Feb 24

a) Margaret of Anjou petitioned Parliament to take over Bella Court, Greenwich, 1447 (See: Feb 23)

b) 1617 the day on which the Poor Men were first officially admitted to Trinity Hospital. This day was chosen because it was St. Mathias' Day and birthday of the founder, Henry Howard, Earl of Northampton. (See: Feb 25)

Feb 25

a) Foundation stone of Trinity Hospital laid 1614. Trinity Hospital was created by Edward Howard, Earl of Northampton who died shortly after the foundation stone was laid. Hospital notice board: "Since 1617 it has provided a home for 21 retired gentlemen of Greenwich" - (but traditionally 8 of the pensioners came from Norfolk.) (See also: Feb 24)

b) Sir Christopher Wren d. 1723 (11) in St. James' Street, London. A multi-talented polymath whose architectural genius lies all around us, Sir Christopher is buried in St Paul's Cathedral. "As one of whom it was doubtful whether he was to be most commended for . . . his genius or for the sweet humanity of his disposition - formerly a boy prodigy; now, as a man, a miracle, even something superhuman". DNB. Vol 60, p80.

c) German aeroplane makes forced landing at Blackheath 1939. This event provoked great interest especially as the silver blue single-engined monoplane bore a swastika on its tail. Herr Behlau, the pilot, and an official of the German Embassy in London, had lost his way in looking for Croydon. He force-landed in the middle of the road before Talbot Houses; he then taxied and skidded until stopping with one wing of the plane in the front garden of one of the houses. The pilot was unhurt and there was only slight damage to the 'plane.

Feb 26

Christopher Marlowe, playwright, baptised in Canterbury, 1564. (The Times) (See: May 30)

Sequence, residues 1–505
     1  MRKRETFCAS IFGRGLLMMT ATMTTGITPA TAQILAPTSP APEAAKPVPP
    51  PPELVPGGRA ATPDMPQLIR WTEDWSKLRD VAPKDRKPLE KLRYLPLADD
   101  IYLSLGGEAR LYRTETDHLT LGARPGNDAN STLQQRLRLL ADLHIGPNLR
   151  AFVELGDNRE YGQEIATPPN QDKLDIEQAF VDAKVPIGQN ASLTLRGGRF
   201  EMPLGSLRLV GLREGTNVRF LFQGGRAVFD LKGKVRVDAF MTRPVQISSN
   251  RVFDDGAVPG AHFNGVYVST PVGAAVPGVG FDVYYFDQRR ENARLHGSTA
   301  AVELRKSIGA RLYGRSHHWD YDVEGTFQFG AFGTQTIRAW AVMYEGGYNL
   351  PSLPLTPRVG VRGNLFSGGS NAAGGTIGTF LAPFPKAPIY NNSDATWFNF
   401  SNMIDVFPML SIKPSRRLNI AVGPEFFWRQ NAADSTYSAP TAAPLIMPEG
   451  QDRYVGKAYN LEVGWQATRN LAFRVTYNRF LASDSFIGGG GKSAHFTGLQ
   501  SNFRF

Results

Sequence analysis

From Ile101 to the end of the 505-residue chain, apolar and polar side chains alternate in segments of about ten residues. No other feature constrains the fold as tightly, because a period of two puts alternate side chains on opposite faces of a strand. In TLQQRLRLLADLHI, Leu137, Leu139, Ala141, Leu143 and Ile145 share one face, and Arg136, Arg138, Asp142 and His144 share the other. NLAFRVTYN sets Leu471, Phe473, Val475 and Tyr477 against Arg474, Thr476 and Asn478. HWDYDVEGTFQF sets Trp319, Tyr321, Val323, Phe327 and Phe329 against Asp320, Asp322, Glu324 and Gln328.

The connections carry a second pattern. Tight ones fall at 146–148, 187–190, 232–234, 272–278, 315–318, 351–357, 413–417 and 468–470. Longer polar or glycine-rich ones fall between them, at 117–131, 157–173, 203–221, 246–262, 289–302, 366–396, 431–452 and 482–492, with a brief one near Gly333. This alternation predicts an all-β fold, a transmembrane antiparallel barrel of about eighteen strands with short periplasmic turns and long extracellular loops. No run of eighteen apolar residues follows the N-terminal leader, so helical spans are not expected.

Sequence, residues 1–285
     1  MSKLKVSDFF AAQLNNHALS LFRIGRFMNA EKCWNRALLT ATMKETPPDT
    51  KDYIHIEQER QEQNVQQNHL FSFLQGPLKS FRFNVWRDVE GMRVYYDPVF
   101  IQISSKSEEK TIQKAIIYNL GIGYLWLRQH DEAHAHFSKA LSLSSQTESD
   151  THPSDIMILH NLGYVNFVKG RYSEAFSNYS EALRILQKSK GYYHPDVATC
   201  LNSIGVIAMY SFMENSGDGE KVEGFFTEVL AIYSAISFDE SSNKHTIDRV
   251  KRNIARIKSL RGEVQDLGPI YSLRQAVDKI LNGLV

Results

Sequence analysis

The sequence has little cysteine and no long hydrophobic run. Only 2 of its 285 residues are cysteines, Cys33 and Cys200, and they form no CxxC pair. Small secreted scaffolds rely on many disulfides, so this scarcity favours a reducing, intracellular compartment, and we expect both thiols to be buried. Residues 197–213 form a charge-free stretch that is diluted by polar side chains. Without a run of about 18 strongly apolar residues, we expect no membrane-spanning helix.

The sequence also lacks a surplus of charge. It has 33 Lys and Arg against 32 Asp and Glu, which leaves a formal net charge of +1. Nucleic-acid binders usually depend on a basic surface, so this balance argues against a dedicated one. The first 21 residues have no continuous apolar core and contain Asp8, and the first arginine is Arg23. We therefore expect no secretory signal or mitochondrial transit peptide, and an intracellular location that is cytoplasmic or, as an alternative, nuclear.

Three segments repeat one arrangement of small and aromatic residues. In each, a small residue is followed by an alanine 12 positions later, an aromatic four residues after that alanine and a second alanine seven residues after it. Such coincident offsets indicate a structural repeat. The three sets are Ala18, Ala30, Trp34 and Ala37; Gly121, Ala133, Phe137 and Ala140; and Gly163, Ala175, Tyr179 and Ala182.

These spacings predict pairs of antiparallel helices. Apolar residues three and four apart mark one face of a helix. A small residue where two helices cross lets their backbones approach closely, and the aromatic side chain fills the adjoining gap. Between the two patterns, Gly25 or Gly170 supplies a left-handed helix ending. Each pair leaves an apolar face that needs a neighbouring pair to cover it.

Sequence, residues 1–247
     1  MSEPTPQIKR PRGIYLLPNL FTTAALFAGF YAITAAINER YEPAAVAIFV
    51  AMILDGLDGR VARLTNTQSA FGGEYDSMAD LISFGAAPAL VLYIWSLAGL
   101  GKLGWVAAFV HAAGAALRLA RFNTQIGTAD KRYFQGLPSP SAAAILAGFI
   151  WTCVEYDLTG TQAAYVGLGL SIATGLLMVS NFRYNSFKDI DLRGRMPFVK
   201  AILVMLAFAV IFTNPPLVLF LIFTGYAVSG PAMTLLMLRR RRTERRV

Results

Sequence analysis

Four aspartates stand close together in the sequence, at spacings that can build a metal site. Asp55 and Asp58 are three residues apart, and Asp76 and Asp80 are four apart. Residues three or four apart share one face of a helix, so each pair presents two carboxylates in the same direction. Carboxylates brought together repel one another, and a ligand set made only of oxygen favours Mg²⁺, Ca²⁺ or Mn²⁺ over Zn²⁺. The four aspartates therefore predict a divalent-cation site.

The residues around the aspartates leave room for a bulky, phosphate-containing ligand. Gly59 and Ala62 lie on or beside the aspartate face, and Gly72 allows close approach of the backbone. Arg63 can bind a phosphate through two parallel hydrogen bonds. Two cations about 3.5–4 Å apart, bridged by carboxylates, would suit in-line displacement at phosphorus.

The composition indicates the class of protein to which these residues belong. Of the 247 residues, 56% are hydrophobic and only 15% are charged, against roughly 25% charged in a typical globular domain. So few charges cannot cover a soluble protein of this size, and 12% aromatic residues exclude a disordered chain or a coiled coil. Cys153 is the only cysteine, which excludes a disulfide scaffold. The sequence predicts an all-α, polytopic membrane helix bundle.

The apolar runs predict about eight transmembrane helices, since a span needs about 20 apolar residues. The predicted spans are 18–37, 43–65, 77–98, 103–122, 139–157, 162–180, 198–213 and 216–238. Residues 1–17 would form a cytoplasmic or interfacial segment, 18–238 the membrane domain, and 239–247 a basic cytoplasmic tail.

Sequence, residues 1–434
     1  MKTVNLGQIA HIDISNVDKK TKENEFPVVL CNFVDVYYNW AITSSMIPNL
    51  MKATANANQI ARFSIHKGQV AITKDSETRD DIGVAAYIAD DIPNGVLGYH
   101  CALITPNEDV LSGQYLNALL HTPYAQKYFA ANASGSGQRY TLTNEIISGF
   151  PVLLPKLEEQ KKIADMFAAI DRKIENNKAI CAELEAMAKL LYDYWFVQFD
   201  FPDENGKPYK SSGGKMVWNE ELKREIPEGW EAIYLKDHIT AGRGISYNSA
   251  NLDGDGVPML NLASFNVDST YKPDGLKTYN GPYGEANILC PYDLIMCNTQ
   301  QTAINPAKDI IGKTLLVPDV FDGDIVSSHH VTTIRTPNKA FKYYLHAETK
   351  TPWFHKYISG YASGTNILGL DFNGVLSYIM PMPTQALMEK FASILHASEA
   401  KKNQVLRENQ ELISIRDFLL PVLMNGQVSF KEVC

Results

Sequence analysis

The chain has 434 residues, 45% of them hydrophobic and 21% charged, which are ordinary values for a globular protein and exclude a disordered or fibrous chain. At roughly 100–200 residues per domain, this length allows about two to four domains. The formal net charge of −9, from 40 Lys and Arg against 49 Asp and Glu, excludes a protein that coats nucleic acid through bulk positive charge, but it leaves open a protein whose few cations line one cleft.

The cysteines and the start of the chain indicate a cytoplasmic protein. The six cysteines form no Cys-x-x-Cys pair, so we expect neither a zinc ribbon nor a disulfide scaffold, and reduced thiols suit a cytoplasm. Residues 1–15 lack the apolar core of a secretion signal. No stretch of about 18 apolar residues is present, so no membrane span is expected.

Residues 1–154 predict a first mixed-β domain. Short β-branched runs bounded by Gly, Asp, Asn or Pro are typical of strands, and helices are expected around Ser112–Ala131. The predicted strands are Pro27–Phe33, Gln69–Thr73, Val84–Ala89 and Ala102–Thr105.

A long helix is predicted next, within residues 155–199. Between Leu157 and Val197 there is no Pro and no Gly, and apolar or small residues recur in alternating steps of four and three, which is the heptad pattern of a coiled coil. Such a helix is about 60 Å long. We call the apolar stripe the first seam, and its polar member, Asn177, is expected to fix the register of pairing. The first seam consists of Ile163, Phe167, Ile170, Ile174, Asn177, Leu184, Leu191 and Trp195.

Feb 27

John Evelyn d. 1706 (11) at 14 Dover Street, London. A horticulturist who developed Sayes Court, in Deptford; a sylviculturist and author of Sylva or a Discourse on Forest Trees" (1664) - one who lent his house and its garden (rather unwisely) to Peter the Great in 1698. An inveterate diarist, John Evelyn wrote widely on a variety of subjects: history, religion, architecture, law, sculpture, navigation, commerce, medals and salads. A friend of Pepys, Evelyn was Secretary to the Board of the Royal Hospital for Seamen and rendered it much service over many years.

Feb 28

Admiral Francis Hosier buried at St Nicholas' Deptford 1728. (See: Aug 23)

Feb 29

a) The first leap year day 1756. (12) This was the first such after England's adoption of the Gregorian calendar on September 3rd 1752. (See: Sep 3) Leap year day was added every 4 years with the introduction of the Julian calendar of 46 BC. The Gregorian calendar modified this by excluding the leap years at the turn of the centuries not divisible by 400 (1700, 1800 and 1900 were not leap years whereas the year 2000 AD had its leap year day).

b) Marquis de Montcalm (opponent of James Wolfe at Battle of Quebec) b. 1712. (29)